By Luke Winkie
By Andrew W.K.
By Brian McManus
By Chaz Kangas
By Katherine Turman
By Phillip Mlynar
By Harley Oliver Brown
By Abdullah "T Kid" Saeed
The last ballot has been cut-and-pasted, and I couldn't be happier with the results of the fourth annual Village Voice Jazz Critics' Poll. Oh, sure I could—but with a record 99 critics voting, what would Nate Silver have said the odds were of my top four actually finishing No. 1 through 4 for Album of the Year?
Nothing's better than a close race where you're cheering for both sides, and Vijay Iyer's Historicity—a classic piano-trio album if your definition extends, as mine does, to such maverick examples as Herbie Nichols's Blue Note records, Paul Bley's Footloose!, Don Pullen's New Beginnings, and Misha Mengelberg's Who's Bridge, alongside accepted-as-canonical Monk, Bud Powell, and Bill Evans—built its narrow lead over alto saxophonist and flutist Henry Threadgill's This Brings Us To, Volume 1 only late in the game. Third went to tenor saxophonist Joe Lovano, the only musician to place in the Top 10 every year since this poll's inception, for Folk Art. But the real news might be Darcy James Argue, a 34-year-old Brooklynite by way of Vancouver, whose astonishing Infernal Machines, with the big band he calls his Secret Society, finished fourth overall in addition to its landslide victory as the year's best debut, despite unusually formidable competition in that category.
Allen Toussaint's The Bright Mississippi, another of my choices, finished seventh, and three others on my ballot—Bill Frisell's Disfarmer, Bill Dixon's Tapestries for Small Orchestra, and Dave Douglas's Spirit Moves—ranked in the top 15. Every year, as I look not just to expand the voter base but democratize it by recruiting more women, African-Americans, and younger voters with the necessary credentials, my wife likes to joke that what I'm really aiming for is a consensus Top 10 identical to mine. This year is probably the closest I'll ever come to reaching that subconscious goal, even if everybody else said humbug to Carla Bley's delightful Carla's Christmas Carols, mentioned on my ballot and no other. Yet I don't mind telling you that I approached conducting this year's poll with an apprehension bordering on dread.
Part of it may have been the inevitable letdown from my elation over Obama's election in '08 (he inherited not just two wars but three—and the presence of a black man in the White House has only escalated the Culture Wars), coupled with simple decade fatigue (the uh-oh's witnessed a stolen presidential election, the worst domestic terrorist attack in history, the submergence of an entire city, the collapse of the free market, and the possible demise of the publishing and recording industries). But the main source of my blues was a concern specific to this poll. Two years ago, in this space, I worried aloud about major labels, with their vast promotional reach, dominating the standings. Those were the days, huh? Those majors that haven't dispensed with jazz altogether to help stem the tide of red ink have severely trimmed their mailing lists, and many independents are becoming just as stingy with review copies.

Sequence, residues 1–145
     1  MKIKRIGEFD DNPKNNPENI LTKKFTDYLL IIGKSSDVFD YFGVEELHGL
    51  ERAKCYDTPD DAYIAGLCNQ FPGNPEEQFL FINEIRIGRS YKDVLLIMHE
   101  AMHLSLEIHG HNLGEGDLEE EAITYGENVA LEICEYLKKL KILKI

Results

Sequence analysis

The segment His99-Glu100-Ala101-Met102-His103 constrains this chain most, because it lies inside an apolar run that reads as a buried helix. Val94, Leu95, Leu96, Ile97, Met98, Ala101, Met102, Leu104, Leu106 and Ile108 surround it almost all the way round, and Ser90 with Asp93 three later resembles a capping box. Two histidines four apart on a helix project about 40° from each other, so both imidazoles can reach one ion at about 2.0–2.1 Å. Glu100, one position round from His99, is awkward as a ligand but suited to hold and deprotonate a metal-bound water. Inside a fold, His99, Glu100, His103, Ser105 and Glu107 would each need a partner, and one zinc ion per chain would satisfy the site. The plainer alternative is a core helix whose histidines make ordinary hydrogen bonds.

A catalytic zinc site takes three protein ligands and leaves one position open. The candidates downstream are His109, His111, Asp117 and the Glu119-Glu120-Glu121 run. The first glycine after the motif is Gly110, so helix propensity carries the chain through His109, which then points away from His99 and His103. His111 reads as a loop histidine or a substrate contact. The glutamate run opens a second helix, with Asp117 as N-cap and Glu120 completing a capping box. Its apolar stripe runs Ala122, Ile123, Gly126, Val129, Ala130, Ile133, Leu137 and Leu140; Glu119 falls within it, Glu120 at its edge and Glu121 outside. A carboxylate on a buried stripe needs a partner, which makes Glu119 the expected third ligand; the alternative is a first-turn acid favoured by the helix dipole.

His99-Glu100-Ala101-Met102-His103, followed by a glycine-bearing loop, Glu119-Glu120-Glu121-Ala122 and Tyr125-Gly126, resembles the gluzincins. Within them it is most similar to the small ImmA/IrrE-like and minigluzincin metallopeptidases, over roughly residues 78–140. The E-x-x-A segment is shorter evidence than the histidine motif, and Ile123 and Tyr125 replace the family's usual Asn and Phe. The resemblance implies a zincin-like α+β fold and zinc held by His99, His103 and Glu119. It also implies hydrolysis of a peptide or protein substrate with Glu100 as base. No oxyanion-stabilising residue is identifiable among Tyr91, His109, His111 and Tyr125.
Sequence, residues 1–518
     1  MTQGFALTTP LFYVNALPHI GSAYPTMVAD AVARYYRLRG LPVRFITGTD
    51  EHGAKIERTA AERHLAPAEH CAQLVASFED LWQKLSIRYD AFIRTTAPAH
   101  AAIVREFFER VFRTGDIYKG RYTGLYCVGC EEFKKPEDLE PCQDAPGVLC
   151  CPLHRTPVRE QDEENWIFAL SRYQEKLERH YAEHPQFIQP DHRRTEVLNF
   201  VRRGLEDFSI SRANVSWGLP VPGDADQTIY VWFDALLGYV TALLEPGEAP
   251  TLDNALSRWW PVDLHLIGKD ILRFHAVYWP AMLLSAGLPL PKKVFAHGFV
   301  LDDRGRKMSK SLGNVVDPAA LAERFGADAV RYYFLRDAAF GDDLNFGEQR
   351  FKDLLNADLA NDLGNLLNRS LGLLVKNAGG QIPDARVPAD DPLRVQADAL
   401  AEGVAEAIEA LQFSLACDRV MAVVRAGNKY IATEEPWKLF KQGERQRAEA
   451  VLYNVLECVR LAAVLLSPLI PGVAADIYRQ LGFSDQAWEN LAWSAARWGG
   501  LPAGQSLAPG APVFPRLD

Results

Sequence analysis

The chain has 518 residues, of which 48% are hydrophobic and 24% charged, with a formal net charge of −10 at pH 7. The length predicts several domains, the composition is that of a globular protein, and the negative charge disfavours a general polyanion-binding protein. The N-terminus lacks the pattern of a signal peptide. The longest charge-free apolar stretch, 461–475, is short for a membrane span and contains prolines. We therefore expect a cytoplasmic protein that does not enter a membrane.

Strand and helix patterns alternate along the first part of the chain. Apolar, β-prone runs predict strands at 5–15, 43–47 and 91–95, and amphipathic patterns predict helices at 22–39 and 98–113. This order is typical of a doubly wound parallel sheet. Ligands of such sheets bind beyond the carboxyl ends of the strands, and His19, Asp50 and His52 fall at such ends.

Granted, the only thing more annoying than critics going on about getting more free CDs than they have time to listen to is the same freeloaders bellyaching about not getting enough. And it's tough to fault labels for their sudden parsimony, because what sense does it make for them to send out a few hundred promos of an album expected to sell a couple thousand, tops? But I worried that this new PR austerity might tilt this year's standings, and in at least one case, I bet it did. Critics can be pushovers for an ambitious concept the same as everybody else, which is why I have to believe that Dedicated to You, Kurt Elling's salute to Coltrane and Johnny Hartman, would have waltzed to victory as Best Vocal if Concord had bothered to service more than a handful of us. Instead, it finished second to a genuine sleeper, relative newcomer Gretchen Parlato's In a Dream. (I knew I wouldn't be voting for either. My choice was Normal as Blueberry Pie, Nellie McKay's irresistibly kooky tribute to Doris Day. Love the way arranger Paul Holderbaum transforms "Wonderful Guy" into Kurt Weill and then a modal romp. And love how McKay's phrasing evokes the late Susannah McCorkle on the opener, "The Very Thought of You," immediately establishing McCorkle as a link. Then, I also love Doris Day.)
Soon enough, the only new music we'll hear will consist of MP3 files sent by our Facebook friends, and the notion of consensus will seem quaint. In the meantime, what's not to like about a poll honoring both an upstart like Darcy James Argue and Best Reissue victor Louis Armstrong (for Mosaic's completist box of his '30s and '40s Deccas)? In contrast to the initial poll four years ago—wherein no artist under 50 cracked the Top 10—this year's encouraging tally boasts four still in their thirties (Iyer, Argue, and alto saxophonists Steve Lehman and Miguel Zenón, the last of whom also romped to victory in Best Latin) and another just over 40 (Argue's fellow big-band leader and Bob Brookmeyer disciple John Hollenbeck). Paced by Argue, two other free-thinking rookies also did extremely well, with alto saxophonist Darius Jones finishing 17th and bassist Linda Oh just missing the Top 20.